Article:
Then just as I hit my target weight I found out Deb was pregnant. Then shortly after, we found out it was a highly problematic pregnancy. Then we had an infant undergoing lots of surgeries. And now we have a happy healthy toddler.
It all ultimately turned out great, but none of it did anything good for maintaining my weight, including the present happy healthy toddler situation. So now I am a fat pig again. As the weight was coming back on I made a couple of attempts to start South Beach again, but I found that phase I was never as effective as the first time and at some point I stopped believing that I could religiously follow the South Beach plan for the rest of my life.
So what to do? I needed a new strategy. I had tipped over the limit again from "overweight" to "obese" (i.e. my BMI was over 30) and something had to change.
I am a scientist, so in no way do I believe that there is anything ultimately magical about cutting back on carbs. It probably changes your biochemistry a little (OK, definitely), but ultimately what matters for weight loss is calorie reduction. Period. If you burn more calories than you eat, you will lose weight. If you burn fewer calories than you eat you will gain weight. Very simple.
So I have two choices, burn more calories (exercise more), or eat less. Did I mention that I have a toddler? Excercizing much more is out. I can try to keep myself in the "Active" column (defined as 4000-6000 steps by us pedometer wearing geeks), but there is no way I can rationally aspire to the "Very Active" column (>10,000 steps).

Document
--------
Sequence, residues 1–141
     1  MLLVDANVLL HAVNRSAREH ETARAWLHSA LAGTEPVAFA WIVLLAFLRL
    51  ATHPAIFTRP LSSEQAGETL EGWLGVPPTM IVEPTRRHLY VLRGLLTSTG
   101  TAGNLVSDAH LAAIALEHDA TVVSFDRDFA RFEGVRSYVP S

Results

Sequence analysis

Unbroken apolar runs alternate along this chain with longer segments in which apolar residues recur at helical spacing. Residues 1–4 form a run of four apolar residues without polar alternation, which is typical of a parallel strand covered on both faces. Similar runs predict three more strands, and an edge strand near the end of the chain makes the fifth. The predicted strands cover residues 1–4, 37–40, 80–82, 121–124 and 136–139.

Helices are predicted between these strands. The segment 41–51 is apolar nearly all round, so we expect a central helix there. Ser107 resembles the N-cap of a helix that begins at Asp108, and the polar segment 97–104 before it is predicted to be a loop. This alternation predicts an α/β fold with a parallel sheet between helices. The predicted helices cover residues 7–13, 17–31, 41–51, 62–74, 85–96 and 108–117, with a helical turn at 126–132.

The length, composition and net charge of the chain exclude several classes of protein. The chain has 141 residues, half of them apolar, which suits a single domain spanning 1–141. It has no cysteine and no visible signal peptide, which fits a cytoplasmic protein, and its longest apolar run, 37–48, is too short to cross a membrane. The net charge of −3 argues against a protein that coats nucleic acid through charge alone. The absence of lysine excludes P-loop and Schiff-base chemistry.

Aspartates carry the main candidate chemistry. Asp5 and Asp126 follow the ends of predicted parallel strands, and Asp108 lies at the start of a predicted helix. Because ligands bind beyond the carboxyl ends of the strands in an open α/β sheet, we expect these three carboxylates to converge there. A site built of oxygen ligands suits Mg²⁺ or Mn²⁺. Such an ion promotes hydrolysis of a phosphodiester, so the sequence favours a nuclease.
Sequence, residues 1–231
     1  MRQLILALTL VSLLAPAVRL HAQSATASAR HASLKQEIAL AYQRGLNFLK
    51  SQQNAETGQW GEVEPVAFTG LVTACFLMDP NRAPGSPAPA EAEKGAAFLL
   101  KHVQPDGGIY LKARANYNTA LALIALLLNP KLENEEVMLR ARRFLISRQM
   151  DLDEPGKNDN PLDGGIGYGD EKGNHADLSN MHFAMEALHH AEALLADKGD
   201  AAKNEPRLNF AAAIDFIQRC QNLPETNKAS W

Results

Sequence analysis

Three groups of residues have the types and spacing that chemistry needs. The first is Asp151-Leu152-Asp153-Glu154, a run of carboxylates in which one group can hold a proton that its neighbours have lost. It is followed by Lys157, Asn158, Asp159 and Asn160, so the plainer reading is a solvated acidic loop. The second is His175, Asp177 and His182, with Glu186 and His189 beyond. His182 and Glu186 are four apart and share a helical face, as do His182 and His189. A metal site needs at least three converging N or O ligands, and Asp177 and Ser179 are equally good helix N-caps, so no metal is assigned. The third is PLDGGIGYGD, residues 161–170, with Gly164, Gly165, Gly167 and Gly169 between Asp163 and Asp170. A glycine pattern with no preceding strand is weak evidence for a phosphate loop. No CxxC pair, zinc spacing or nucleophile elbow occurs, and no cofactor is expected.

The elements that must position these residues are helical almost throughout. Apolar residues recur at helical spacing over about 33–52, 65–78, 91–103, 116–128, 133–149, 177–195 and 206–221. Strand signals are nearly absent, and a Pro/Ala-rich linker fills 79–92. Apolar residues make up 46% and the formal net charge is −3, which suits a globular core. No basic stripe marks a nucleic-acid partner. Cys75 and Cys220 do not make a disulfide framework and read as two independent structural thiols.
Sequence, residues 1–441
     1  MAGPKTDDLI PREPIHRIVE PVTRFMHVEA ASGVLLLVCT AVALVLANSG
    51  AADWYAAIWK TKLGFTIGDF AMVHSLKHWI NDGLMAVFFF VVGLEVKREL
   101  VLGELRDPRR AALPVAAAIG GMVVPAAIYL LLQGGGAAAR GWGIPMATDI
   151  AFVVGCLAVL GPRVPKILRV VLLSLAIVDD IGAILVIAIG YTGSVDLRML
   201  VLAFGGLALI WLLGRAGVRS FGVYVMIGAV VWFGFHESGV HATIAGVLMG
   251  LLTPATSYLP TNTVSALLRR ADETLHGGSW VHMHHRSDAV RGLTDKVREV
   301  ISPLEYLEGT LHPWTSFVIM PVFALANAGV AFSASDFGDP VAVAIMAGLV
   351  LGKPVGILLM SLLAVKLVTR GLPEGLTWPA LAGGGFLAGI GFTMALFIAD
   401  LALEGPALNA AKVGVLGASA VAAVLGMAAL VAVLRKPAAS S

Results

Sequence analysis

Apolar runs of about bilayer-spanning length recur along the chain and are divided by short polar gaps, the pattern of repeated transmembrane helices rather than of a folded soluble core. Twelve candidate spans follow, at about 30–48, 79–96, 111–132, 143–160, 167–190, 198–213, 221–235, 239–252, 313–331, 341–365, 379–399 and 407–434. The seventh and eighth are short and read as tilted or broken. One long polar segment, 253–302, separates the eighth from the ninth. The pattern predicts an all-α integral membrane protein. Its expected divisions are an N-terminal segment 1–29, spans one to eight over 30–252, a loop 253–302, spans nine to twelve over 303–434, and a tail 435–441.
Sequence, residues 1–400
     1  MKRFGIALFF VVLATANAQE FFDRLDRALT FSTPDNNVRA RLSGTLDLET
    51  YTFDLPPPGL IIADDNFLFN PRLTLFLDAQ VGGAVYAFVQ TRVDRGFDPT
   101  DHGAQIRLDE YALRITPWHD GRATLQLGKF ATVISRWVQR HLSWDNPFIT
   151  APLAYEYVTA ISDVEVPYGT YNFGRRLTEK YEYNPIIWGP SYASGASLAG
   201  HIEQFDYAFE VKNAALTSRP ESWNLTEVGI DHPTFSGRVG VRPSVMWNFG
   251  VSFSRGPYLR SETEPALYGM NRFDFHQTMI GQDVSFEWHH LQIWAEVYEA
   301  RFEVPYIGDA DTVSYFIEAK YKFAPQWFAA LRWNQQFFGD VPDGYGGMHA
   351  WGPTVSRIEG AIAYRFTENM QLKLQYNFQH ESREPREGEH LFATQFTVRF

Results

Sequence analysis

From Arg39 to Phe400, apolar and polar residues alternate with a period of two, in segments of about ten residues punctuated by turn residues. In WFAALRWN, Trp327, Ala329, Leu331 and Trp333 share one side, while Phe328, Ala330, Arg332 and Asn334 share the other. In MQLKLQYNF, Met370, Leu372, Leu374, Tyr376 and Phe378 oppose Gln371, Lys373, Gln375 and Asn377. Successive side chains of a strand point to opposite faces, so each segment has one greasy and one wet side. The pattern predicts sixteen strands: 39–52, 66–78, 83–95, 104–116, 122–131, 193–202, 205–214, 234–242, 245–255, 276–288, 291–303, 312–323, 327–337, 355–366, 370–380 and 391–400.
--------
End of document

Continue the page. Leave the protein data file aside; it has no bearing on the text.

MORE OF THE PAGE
OK, so I need to eat less. How much less? I needed a rational no BS guide to optimal weight, calorie intake, and the like. I picked up the No-Fad Diet book as a resource.
Step 1. Validate the caloric intake estimates in the book. I am usually (OK, always, I am in the 99.99th percentile for height) off the chart and what applies to the little people doesn't always apply to me. The book said that to maintain my current weight I would have to be eating between 3300 and 3900 calories per day (or more as I was gaining). So I kept track for several days and sure enough, that was a pretty good estimate.
Step 2. Set a target weight. Did I mention that I am off the charts? Fortunately the charts are linear and I was able to do a linear regression to determine my ideal weight range. In case anyone else needs them, here are the formulas (height is in inches):
|OWLow = 4.757895 * Height - 158.411|
|OWHigh = 5.733333 * Height - 192.66|
|Obese = 5.733333 * Height - 191.66|
|UW = 3.785714 * Height - 135.071|
You are overweight in the OWLow to OWHigh range. You are obese at Obese and higher. And you are underweight below UW. So I am overweight when over 217 and the middle of my ideal range is 191. That seems low to me, but I'll go with it for now. 217 is definitely OK and if I start to look like a 6 foot 7 inch scarecrow as I move towards 191 I can always reevaluate.
Step 3. Set a target for daily caloric intake. Fortunately my weight isn't off the charts, so I could just look this up. At my ideal weight of 191, my caloric intake should be between 2483 (inactive) and 2865 (active) to maintain that weight indefinitely. I will most likely always eat more on weekends and I can more easily eat less during the week, so I set a target of 2400 calories (or less) on a seven day moving average, during the diet period. I will adjust this to 2800 or so after I lose the weight.
Step 4. Don't cheat. Hmmm, how to do this? I chose to be obsessive about writing down every calorie that I put in my mouth. So far that is working for me.
I have been doing this for 14 days now and I can report that I have dropped from a starting weight of 262 to 250. It is very exciting to lose 12 pounds, and very depressing to think that I have as much as 59 to go. Still, this is every bit as good as South Beach was the first time (so far) and I feel like I have control over the elements of success.